Successful movements must include the constituency base they represent in decisions about goals and tactics. This often involves working in tandem with organizations that link the movement to the communities that will benefit from the movement’s action. Success.
Successful movements must cultivate “conscience” groups – sympathizers, celebrities, patrons – who may not directly benefit from the movement’s goals, but are willing to contribute in terms of money, facilities, equipment , media access and more. Resources.
Successful moves cannot be “greedy”. They must recognize and respect the privacy and personal obligations of members, prepare participants for the dangers and risks of each event and allow everyone to choose, without constraint, the actions they take. ready to take.
Successful movements generate the solidarity needed to take collective action by creating an active and supportive community. inner life and culture among their participants. The internal life of a movement must foreshadows the emancipatory changes sought in society at large. It should provide opportunities for interaction and decision-making not available outside the movement, including social and cultural events that are enriching and fun, and which build the mutual trust necessary to sustain collective action.
Successful moves must anticipate repressionincluding clashes with institutional authorities, forced dispersal by police, confrontations with counter-protesters, long-term interference by intelligence agencies, and mass arrests.
Successful moves implement processes that enable effective collective responses to repression – including strategic retreat, sustained repression, active confrontation and escalation of protest.
And again, there is no guarantee of success. Because social movements form organically, outside of traditional institutions, they are inherently messy. Meaningful change rarely happens relying exclusively on peaceful and legal means. Petitions, marches, litigation and songs are only part of the protest repertoire. Achieving systemic change invariably requires create disorder: Social movements gain influence when they disrupt the normal functioning of the institution they target – by stopping traffic, blocking commerce, surrounding buildings or interfering with administrative activities. Generations of activists, as well as scholars who study social movements, have been challenged by the need to deploy effective strategies when nonviolent disruption reaches an impasse without generating concessional responses; or when it provokes violent reactions from the police or counter-protesters aimed at defeating demands for institutional change.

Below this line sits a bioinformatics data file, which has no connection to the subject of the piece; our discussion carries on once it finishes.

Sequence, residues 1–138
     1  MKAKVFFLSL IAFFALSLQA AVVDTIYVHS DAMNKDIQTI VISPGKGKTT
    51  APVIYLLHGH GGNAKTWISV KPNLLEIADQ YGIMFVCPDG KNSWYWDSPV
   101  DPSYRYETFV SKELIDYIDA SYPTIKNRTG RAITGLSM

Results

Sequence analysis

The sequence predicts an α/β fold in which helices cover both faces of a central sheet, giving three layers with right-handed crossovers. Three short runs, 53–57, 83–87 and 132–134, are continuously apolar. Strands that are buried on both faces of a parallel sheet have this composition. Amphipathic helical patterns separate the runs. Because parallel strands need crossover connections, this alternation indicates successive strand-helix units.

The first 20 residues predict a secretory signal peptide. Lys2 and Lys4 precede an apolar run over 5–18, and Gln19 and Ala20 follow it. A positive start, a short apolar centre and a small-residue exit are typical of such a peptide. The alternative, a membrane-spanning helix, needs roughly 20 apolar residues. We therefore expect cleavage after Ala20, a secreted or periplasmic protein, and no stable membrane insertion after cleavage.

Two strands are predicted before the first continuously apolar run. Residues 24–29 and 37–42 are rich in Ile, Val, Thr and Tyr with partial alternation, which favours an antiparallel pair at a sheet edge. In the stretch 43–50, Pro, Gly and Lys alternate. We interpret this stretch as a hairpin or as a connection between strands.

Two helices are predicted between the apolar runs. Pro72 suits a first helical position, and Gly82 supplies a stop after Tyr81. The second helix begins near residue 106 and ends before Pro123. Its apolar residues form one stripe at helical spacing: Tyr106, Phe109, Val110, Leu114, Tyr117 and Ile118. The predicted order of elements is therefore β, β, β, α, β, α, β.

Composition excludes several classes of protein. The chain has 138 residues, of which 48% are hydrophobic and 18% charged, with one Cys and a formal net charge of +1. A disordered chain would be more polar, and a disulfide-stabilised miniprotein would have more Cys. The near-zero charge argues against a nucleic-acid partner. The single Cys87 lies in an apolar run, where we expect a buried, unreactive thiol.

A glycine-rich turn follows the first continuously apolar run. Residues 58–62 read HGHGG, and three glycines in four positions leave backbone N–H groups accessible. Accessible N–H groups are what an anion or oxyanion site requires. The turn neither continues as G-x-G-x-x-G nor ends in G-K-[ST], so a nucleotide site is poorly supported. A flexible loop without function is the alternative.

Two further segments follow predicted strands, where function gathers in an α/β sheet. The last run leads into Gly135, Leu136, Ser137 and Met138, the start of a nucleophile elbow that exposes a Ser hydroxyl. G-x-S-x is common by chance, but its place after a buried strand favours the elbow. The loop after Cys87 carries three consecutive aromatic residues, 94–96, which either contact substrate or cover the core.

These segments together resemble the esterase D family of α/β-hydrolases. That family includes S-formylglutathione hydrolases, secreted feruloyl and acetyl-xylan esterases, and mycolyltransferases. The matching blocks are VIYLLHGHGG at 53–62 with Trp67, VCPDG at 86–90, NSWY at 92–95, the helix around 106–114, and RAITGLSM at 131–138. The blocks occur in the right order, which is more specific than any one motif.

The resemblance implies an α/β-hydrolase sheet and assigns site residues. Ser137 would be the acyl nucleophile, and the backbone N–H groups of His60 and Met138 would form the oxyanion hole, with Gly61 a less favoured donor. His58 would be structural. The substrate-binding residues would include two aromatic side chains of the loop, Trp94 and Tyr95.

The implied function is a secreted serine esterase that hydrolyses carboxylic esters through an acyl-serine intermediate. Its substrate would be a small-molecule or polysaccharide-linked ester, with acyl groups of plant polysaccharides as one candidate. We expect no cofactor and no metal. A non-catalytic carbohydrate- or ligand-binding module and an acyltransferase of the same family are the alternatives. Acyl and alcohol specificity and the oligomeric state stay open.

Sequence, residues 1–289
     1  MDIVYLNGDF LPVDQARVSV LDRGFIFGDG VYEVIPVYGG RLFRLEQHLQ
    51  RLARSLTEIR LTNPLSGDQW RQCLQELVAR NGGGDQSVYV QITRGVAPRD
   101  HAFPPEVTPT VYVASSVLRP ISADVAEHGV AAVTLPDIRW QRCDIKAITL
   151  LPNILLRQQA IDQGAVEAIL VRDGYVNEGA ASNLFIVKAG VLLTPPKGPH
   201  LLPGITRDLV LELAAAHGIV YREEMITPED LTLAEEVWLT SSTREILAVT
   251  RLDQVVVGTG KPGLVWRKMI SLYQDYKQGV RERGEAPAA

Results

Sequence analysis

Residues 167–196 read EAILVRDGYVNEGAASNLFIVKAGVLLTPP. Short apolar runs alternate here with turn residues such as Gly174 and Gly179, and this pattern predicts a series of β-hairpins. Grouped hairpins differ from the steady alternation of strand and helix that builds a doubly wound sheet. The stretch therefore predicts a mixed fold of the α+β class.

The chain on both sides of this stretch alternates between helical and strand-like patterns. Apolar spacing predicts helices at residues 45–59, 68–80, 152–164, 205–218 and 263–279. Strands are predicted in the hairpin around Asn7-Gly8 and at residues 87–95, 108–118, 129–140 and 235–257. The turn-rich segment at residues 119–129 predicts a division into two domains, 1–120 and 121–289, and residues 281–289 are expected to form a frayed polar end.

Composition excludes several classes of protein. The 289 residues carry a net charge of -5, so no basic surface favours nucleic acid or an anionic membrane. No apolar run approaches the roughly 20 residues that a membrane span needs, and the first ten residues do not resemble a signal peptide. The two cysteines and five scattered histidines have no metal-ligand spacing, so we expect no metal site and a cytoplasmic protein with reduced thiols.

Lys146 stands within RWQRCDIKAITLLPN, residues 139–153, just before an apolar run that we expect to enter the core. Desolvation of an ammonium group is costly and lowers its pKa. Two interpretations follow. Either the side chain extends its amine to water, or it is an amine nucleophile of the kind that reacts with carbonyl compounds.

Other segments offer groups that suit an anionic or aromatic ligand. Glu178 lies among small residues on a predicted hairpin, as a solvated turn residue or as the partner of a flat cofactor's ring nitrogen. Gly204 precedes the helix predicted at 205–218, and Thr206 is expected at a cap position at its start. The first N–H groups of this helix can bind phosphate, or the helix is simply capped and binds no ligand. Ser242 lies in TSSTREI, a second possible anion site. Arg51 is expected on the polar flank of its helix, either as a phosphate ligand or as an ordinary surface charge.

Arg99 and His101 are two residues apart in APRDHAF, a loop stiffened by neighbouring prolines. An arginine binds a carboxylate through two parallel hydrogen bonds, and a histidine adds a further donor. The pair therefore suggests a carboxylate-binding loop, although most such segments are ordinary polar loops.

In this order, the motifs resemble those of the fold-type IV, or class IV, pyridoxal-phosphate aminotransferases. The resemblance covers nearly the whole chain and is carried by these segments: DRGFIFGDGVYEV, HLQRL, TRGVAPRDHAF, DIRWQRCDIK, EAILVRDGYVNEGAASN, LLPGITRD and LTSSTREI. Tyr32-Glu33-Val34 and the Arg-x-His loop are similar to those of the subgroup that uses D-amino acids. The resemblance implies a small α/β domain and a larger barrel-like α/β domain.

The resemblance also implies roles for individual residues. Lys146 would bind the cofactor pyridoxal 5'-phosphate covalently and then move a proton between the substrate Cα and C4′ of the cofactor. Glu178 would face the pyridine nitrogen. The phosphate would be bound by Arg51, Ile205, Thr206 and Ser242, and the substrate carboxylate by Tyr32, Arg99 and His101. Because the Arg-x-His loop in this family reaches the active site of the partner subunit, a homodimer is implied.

In the face of severe repression, good movements generally back down. But dispersing disruptive action can often guarantee failure, as the movement may lack the ability to rebuild its strength and regain leverage. The alternative is to stand your ground, facing the police or counter-protesters, thus prolonging and intensifying the disruption. The police and counter-protesters, who aim to dismantle the protest, must therefore target the bodies of activists. The casualties that can occur on both sides can, in an instant, turn a protest site into a sensationalized event, diverting attention from the movement’s political goals.
Places of contestation are therefore both dynamic and vulnerable. But social movements that attempt to ameliorate the “big” social problems and gaping contradictions of the democratic order – economic inequality, racism, patriarchy – are long-term process. As such, the clash between white supremacists and racial justice activists that took place in Charlottesville in 2017 should be considered a recent “moment” in the long civil rights movement that began in late 2017. civil war. Perseverance – sustained commitment, perhaps over a lifetime; expanding networks while forming and reforming coalitions; evaluate failures and design new strategies; exploit new political opportunities with new tactical repertoires; and the integration of new generations into the life of the movement – is the key to ensuring new moments of success. As the pioneers of social history have shown, this is how “bad” movements are defeated and “good” changes are won.
This is an opinion and analysis article.